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[personal|cancer] Getting through another tough night - Lakeshore
An author of no particular popularity

Jay Lake
Date: 2009-12-19 07:56
Subject: [personal|cancer] Getting through another tough night
Security: Public
Tags:calendula, california, cancer, child, personal, seattle, travel
calendula_witch and I are off to Seattle shortly, for tbclone47's party, then social time with markferrari and shelly_rae. A whirlwind tour, back to Portland tomorrow afternoon, then she flies home to San Francisco at 0:dark:stupid Monday. the_child and I will follow on Boxing Day.

Difficult night last night for me in cancerland. I've been oversleeping and napping a lot, as part of the healing process. My body decided about 1 am that it had had enough sleep, and I spent a couple of hours rattling around. Both sides are extremely uncomfortable to lie on, due to the two recent surgeries, so I tend to go to my back, which is an unnatural sleeping position. I wound up in the lounger in the living room, where I could at least cradle my body in a more comfortable position. I'm not in a lot of pain, but the discomfort borders on the extreme.

Awake, I was having weird anxiety thoughts. Last night, calendula_witch had been reading about one of my high school classmates in The New Yorker. I'd said something mopey about never being famous enough for The New Yorker, she gave me a funny look and pointed out we never would have met if I hadn't been a well-known public person, given that we met at a conference she came to in part to work with me as an instructor. I had to laugh at that. Still, the thoughts came back to me in the night. I'd given up reading my high school almuni newsletter in my mid-twenties, when I was a low level grunt in the advertising field, and my classmates were making their debut on the London stage or becoming directors of investment banks in the Caymans or whatever. That's the thing about going to a very academically competitive, very exclusive private school — most of the folks around you are loaded with privilege and brains, which is a hell of a combination. Frankly, I'm loaded with both too, not pleading any kind of poverty here, but the ladder runs much higher than my rung, and we all have that human tendency to look up.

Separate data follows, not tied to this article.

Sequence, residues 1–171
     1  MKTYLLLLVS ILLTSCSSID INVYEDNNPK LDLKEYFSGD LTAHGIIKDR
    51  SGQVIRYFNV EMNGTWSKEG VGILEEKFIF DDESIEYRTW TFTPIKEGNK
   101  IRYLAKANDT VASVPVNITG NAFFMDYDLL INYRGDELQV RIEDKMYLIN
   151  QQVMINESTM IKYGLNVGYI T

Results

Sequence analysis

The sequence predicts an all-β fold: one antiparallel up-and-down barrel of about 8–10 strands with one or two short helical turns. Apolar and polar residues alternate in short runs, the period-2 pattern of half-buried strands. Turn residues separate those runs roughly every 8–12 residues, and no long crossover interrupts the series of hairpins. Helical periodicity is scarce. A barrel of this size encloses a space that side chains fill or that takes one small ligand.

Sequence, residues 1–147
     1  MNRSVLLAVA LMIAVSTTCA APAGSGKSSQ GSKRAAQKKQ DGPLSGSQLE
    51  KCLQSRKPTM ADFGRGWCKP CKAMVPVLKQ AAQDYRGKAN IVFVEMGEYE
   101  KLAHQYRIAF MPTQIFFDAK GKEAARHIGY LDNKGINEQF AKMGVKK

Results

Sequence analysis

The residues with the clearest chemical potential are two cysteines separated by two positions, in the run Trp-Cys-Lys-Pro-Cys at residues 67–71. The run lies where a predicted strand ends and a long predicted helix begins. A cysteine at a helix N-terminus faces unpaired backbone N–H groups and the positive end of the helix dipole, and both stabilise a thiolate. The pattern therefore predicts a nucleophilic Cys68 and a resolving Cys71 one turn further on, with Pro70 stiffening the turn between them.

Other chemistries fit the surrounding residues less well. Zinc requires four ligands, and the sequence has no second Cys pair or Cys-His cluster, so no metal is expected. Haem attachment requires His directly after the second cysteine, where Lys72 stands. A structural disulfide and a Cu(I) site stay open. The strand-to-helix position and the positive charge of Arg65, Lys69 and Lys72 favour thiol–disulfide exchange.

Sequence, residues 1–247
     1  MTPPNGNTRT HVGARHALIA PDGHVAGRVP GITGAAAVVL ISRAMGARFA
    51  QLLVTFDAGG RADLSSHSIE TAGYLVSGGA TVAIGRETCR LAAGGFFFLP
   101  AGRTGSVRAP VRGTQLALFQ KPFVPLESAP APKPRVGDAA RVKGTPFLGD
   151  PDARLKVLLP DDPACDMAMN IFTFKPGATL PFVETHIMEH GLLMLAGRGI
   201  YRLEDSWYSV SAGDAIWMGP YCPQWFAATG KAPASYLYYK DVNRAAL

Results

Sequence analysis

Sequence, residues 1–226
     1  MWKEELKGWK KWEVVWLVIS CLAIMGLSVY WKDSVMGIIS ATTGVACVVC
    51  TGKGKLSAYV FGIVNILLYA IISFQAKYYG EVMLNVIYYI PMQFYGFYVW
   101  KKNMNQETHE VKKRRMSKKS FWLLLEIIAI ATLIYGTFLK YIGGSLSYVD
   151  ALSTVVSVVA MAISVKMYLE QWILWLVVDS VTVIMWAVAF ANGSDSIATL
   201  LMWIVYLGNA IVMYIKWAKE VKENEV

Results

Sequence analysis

So look up I did last night, and feel somewhat sad and sorry for myself. Add to this the string of minor domestic disasters of late (the moth infestation, the plumbing problems, the burning of the garlic bread last night, the hidden water somewhere in my car...) and I have plenty to be grumpy about if I let myself. This morning on our walk, calendula_witch and I discussed that line of thought. I am, of course, prima facie an idiot. My social media presence reaches about 5,000 people every day. Tens of thousands of people read my fiction. The me of ten years ago would have gazed in envious awe at the career I have today. Human nature being what it is, we always stand at the center as the world moves around us. I often need to be reminded that I am special. She does this for me, brilliantly.

Meanwhile, when I did sleep, I had some pretty classic anxiety dreams. My brother had died, in my dream, of a rather strange accident, and I was so drug-addled I kept forgetting this. My parents were trying to keep it together for me in my cancer-ridden state. And so we went round in a little parade of misery, most of this theatre of the emotion taking place on the Portland MAX train in my dreamland. Then my teeth started falling out unexpectedly.

I don't need a Joseph to interpret that dream. Oneiromancy is second nature to any competent writer, it's what we do on the page after all. Still, that was interwoven with my anxieties about my life. When I finally did give up and rise from the chair, everything hurt. Luckily, my temperament and lifestyle have equipped me to think in layers without unhealthy compartmentalization, so I am able to recognize that except for the pain in my left and right chest, I feel pretty good, and respond accordingly. Part of the journey of cancer is managing the things that pop into my head, and keeping myself on track.